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Fergus "Johnnie" Graham

Discussion in 'WWII Obituaries' started by GRW, Feb 9, 2018.

  1. GRW

    GRW Pillboxologist WW2|ORG Editor

    Oct 26, 2003
    Likes Received:
    Stirling, Scotland
    "He said it was his most vivid memory. A sight he’d never forgot. Returning from bombing the battery shore guns, the morning of 6 June – D-Day – as the sun rose, 
Fergus “Johnnie” Graham looked down and saw the magnificent view of all the ships approaching the French coast for the D-Day landings. For him, it was such an incredible thing to behold, for the sea became black with ships of all sizes and classes. The crew instinctively felt that this was the beginning of the end. It was a remarkable moment for Graham, a Rear Gunner who flew with 100 Squadron, the unit of Lancasters flying operations over Germany and one of Bill Smith’s Pirates, and with 101 Squadron, the Wellington force used by Bomber Command for night sorties over Europe. An Edinburgh boy through and through, he was born on 15 March 1922 in Downfield Place and went to Dalry Primary School. The family moved to Glendevon Terrace so he switched to Roseburn Primary and later he went to Boroughmuir Secondary School. He joined the RAF on 14 March, 1941. It was one day before his 19th birthday and he initially served as an Armourer. He volunteered for aircrew duties and qualified as an Air Gunner on completion of the course at RAF Stormey Down.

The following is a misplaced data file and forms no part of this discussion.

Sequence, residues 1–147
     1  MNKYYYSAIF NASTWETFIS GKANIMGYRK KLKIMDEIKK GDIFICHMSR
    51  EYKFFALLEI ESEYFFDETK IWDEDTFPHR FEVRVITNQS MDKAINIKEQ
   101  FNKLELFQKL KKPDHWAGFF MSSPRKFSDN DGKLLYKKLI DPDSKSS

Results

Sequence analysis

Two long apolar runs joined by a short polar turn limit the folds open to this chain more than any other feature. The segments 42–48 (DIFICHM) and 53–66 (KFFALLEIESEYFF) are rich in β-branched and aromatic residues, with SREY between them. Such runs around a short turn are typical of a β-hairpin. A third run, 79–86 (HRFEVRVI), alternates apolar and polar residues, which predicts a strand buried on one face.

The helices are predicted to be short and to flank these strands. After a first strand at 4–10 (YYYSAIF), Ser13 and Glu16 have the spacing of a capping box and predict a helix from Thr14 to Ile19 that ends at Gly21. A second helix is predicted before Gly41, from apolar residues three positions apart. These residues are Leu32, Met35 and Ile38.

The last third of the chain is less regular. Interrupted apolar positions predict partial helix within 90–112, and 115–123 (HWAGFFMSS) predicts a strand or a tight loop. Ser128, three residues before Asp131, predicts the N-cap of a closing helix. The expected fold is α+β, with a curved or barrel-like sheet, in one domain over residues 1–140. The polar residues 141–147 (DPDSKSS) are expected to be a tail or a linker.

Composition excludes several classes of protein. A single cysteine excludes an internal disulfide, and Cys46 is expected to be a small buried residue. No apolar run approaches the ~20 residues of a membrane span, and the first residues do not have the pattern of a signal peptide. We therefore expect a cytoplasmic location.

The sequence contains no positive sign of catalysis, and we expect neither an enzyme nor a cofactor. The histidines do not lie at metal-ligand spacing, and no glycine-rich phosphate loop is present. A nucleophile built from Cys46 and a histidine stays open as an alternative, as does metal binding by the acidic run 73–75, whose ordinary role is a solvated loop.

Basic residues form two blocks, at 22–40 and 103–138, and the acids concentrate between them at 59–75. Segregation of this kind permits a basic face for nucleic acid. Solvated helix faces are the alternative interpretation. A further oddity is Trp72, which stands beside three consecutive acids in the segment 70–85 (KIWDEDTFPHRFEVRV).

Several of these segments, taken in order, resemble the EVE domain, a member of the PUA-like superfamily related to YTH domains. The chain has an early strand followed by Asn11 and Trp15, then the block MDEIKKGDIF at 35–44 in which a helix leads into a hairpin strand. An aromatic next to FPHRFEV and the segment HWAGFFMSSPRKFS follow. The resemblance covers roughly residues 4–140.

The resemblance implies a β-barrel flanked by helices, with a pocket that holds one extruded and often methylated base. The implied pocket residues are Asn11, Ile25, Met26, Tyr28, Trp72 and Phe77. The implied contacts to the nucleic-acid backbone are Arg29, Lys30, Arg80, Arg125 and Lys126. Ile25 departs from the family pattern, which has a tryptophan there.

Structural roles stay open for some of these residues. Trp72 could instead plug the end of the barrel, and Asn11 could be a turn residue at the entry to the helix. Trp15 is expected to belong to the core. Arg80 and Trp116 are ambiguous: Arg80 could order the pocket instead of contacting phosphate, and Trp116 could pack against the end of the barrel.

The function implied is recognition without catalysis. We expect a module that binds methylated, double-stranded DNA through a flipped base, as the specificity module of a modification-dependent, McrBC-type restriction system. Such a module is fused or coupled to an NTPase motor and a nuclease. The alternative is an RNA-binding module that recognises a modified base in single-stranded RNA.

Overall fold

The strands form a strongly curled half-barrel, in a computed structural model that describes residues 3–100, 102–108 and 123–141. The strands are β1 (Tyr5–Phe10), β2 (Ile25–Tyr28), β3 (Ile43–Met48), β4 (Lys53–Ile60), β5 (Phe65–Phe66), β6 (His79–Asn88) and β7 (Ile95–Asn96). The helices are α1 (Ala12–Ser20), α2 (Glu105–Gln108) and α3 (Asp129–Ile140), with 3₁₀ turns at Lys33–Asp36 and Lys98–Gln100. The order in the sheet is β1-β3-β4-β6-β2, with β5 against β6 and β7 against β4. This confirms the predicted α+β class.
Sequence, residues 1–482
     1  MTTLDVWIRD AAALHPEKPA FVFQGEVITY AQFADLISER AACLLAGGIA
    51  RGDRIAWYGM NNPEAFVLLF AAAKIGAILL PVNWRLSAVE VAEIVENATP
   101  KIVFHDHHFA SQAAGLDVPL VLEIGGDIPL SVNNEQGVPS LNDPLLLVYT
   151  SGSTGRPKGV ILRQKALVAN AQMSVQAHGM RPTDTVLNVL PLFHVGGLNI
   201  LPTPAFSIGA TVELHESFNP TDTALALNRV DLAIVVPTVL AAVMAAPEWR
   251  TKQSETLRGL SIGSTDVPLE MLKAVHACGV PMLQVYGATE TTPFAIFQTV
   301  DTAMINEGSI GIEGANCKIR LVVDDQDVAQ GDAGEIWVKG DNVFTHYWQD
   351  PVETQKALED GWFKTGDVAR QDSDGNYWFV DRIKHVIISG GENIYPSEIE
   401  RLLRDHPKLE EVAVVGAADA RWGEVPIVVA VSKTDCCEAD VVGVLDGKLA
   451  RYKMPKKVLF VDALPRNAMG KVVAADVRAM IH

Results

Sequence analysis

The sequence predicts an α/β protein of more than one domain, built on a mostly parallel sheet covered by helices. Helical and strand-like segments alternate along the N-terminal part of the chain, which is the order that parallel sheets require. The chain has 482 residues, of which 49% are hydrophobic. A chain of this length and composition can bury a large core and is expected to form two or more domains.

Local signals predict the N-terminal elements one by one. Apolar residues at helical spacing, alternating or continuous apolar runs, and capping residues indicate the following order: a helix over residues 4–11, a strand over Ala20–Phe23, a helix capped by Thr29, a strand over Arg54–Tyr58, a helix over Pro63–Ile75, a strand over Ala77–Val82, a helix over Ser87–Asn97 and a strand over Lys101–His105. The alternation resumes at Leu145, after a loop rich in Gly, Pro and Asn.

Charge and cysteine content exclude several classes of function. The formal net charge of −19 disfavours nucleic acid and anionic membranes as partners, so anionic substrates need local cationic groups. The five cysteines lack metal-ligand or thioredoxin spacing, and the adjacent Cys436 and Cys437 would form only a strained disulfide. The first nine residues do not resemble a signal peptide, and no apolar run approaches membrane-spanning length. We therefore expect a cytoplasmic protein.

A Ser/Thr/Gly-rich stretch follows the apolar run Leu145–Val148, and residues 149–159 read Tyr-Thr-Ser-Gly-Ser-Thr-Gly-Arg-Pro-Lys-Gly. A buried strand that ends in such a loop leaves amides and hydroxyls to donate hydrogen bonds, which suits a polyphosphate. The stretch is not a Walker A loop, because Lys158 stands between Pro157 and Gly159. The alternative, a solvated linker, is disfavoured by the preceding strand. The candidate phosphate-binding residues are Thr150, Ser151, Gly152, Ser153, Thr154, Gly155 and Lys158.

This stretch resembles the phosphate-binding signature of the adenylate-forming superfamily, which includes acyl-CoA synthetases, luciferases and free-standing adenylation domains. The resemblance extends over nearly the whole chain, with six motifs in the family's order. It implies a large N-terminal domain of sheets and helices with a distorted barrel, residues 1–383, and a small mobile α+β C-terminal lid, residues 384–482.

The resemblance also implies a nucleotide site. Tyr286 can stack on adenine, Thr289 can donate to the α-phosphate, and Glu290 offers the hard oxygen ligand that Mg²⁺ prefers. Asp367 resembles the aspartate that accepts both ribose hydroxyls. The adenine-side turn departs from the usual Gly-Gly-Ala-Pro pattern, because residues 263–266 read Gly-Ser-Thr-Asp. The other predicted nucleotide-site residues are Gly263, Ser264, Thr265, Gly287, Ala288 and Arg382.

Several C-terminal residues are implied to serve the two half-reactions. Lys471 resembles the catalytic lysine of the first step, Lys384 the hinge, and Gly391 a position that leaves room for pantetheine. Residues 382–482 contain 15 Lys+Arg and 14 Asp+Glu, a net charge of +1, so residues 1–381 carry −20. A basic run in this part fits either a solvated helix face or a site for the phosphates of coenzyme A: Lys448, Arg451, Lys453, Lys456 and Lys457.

Flt Lt Graham was promoted to Sergeant and completed advanced gunnery training and joined 100 Squadron RAF Waltham (Grimsby) and was a Rear Gunner (Tail end Charlie). He completed 32 operational flights, 142.5 Operational hours and was promoted to Pilot Officer & Gunnery Leader/Instructor & Flying Officer."

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